Right-To-Work and the Business Location Decision
Although wages tend to be lower in right-to-work states, it's not a magic bullet; these states still need to be competitive on all the other major site selection factors.
Steve Stackhouse-Kaelble (Summer 2012)
It was the topic of fierce debate this past winter in Indiana - so hot that even the NFL Players Association weighed in as the Super Bowl in Indianapolis approached. Protests, speeches, and letters to the editor all took up the topic of right-to-work. Are right-to-work laws fair or unfair to workers? Do they enhance business' profitability or do they make little difference? Do the laws encourage greater manufacturing growth? Do they have an impact on location considerations?
A short answer to that last question: yes and no. If a company is choosing between a site in a right-to-work state and another in a state without such laws, that factor may influence the decision or be deemed less important than other factors. On the other hand, some companies won't even consider a location unless it's in a right-to-work state.
"Right-to-work" refers to a law that prohibits unions and companies from negotiating contracts requiring all workers to either join the union or pay a fee for union-provided services. These laws are so named because they establish a "right" for a worker to land or keep a job without regard to union status - even if the job is at a workplace covered by a union contract. There are now 23 states with right-to-work laws, including Indiana, which joined the club this year. Most of those states are in the South and the West.
Unions, of course, oppose such laws because they tend to weaken union membership. If a workplace is unionized, the contract applies to all workers and the union must provide representation and services to all workers. In a right-to-work state, any worker choosing not to join the union or pay for the services still gets the benefits. Unions often refer to those workers as "free riders," and because wages tend to be lower in right-to-work states, unions famously refer to the concept as "right-to-work for less."
The business community tends to support right-to-work because it makes unionization less likely. That, in turn, often means lower labor costs, both because of potentially lower wage rates and greater flexibility in terms of work rules, job descriptions, and the ability to move workers around in ways that unions might oppose. The benefits to business are most pronounced in the manufacturing sector.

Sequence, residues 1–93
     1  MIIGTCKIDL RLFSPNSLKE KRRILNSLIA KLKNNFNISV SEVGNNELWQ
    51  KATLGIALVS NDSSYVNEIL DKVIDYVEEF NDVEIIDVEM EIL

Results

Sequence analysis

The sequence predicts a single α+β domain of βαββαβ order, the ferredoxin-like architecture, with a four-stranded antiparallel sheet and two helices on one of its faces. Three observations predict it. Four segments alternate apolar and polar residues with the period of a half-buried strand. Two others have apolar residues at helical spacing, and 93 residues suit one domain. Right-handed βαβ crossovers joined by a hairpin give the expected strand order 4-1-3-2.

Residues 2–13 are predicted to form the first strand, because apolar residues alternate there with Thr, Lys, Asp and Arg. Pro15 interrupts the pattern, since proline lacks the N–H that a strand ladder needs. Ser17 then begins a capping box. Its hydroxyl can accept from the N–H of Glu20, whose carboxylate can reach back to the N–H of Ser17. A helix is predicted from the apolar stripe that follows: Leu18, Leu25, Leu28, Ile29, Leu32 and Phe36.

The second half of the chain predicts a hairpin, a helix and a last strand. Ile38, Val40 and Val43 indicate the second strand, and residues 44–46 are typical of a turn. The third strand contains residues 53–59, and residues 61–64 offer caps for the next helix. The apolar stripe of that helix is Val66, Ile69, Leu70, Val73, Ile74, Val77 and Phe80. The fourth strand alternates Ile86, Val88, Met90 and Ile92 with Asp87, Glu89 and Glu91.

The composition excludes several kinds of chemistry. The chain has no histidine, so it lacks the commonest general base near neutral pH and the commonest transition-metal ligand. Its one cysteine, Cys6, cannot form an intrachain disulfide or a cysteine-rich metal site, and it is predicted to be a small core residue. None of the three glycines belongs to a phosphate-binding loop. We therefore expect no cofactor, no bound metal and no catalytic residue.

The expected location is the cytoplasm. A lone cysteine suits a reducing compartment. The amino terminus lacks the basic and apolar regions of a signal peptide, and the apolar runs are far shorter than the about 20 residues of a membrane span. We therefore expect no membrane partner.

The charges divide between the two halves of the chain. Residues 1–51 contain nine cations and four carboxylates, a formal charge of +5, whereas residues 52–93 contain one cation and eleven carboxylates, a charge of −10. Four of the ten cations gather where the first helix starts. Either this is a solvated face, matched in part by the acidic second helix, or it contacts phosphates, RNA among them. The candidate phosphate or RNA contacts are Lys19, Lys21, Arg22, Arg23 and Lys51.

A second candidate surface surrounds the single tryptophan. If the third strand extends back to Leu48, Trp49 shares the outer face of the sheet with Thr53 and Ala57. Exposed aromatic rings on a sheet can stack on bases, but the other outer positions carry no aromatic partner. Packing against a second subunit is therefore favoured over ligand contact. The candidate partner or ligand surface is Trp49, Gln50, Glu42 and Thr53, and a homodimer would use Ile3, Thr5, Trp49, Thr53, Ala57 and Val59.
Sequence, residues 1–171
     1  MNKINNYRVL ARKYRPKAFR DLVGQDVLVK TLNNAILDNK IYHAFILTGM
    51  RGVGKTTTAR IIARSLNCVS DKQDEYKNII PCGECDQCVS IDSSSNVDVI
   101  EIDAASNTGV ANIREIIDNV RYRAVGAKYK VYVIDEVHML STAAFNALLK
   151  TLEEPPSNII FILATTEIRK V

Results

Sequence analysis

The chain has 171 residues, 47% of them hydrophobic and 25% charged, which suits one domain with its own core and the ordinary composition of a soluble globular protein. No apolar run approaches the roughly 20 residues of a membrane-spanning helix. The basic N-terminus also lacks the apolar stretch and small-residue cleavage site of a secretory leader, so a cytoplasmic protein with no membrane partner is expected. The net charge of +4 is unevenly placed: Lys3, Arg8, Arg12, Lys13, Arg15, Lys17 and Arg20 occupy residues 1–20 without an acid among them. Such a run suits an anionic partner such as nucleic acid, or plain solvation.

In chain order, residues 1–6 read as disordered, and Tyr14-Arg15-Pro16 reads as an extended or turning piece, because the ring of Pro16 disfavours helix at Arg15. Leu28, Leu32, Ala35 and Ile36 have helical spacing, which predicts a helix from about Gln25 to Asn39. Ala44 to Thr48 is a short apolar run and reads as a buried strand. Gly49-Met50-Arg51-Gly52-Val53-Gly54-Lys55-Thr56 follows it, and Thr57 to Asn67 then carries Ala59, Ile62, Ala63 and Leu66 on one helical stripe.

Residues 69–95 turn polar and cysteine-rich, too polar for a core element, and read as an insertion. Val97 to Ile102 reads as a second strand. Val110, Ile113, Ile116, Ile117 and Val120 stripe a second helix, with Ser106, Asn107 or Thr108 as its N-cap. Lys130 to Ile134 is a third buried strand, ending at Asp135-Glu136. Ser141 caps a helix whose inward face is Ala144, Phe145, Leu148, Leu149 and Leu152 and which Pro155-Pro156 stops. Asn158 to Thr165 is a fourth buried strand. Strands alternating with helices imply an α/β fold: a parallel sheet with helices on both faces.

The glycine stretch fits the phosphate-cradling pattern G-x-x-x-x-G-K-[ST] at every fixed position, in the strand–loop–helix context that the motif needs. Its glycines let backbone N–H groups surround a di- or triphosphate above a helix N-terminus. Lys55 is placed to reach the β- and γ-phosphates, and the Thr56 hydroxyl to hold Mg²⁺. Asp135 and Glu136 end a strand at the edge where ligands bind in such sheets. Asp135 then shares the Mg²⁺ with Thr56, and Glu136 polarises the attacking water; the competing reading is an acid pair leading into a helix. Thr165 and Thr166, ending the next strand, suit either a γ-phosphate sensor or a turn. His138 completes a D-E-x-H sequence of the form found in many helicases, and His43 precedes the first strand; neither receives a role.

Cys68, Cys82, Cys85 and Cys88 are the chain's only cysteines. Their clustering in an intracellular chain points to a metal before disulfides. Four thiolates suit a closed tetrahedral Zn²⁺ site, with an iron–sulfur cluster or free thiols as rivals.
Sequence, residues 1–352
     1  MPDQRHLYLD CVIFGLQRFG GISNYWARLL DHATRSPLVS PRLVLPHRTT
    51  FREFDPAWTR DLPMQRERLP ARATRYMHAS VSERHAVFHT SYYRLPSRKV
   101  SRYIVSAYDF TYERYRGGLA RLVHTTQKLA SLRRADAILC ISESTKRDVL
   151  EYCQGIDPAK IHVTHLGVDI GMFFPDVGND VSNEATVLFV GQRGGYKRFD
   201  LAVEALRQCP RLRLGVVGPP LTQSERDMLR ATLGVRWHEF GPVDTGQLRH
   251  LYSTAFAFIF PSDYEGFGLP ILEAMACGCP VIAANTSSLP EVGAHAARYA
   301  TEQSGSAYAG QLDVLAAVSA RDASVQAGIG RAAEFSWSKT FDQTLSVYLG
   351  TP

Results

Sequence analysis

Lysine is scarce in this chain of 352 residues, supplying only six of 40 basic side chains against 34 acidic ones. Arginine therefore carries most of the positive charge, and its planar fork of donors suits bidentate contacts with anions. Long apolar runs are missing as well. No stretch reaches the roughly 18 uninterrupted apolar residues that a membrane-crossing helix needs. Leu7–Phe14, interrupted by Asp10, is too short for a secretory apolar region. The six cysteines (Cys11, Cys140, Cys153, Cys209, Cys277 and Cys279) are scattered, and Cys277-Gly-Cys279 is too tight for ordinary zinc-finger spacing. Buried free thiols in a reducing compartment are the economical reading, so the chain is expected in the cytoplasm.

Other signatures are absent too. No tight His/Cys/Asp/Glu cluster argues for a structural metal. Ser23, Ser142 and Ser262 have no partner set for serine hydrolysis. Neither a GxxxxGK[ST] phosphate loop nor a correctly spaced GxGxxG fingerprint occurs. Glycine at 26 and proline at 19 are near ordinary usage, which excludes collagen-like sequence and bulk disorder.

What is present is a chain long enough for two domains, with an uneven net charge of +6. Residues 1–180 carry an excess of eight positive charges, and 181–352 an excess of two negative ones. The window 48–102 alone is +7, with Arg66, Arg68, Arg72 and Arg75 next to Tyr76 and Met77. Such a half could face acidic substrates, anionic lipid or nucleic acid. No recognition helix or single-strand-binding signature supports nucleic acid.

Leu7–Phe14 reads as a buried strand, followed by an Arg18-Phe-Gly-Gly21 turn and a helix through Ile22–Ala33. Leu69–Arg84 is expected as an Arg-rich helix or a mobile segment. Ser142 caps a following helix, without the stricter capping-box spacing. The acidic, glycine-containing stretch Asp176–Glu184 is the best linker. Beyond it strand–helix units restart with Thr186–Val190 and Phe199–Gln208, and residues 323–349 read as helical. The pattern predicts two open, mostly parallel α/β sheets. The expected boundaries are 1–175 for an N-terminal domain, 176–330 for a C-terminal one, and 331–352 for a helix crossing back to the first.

Asking for Right-to-Work
"Almost all of our manufacturing clients have expressed an interest in operating in a nonunion manner, and more than a quarter have expressed an initial interest in limiting their search to only right-to-work states," says Mark M. Sweeney, senior principal at McCallum Sweeney Consulting in Greenville, S. C. For those whose job it is to promote sites in non-right-to-work states, "The challenge is that you don't even know how many projects didn't even contact you."
Setting such a limit - essentially crossing 27 states off the list right at the start of a site search - is not generally a good idea, Sweeney adds. Indeed, plenty of companies are able to avoid unionization in non-right-to-work states and operate quite profitably. He advises that companies avoid making right-to-work status a "pass-fail" measure, and instead put it on the list of weighted criteria to consider. "It becomes part of the decision," he says.
Still, not all companies follow that kind of advice. "There are a lot of companies that won't make an investment in a state that isn't right-to-work," says Barry Broome, president and CEO of the Greater Phoenix Economic Council. He should know - he works now in a right-to-work state, but has spent much of his economic development career in the non-right-to-work states of Ohio and Michigan.
Bill Cronin - who practiced economic development in right-to-work states such as South Carolina and Florida before recently moving to another state to become vice president for economic development at Invest Atlanta - has seen the same thing on many occasions. "Sometimes companies will come out and tell you that they're looking specifically for a right-to-work location," he says.
It's not just heavy industry and manufacturing that are smiling on right-to-work locations, Broome adds. There's a lot more interest among tech companies as well, he says, from computer manufacturers to software and Internet firms. His area was on a consideration list a while back when a computer company was considering an expansion. The company ended up deciding against pursuing the expansion, but while the potential deal was on the table, "they did an absolute deep dive into state labor laws," he recalls.
It's not always easy to find companies willing to state their preference publicly, as proponents of the Indiana law have found. Before the new law passed, they pointed to such examples as the closing of the Colgate-Palmolive plant in Clarksville, Ind., which pulled up stakes and moved to a right-to-work state. But soon after the bill passed, proponents claimed one recent economic development victory as a vote in favor of right-to-work, only to have the business owner in question publicly deny that right-to-work had anything to do with his decision.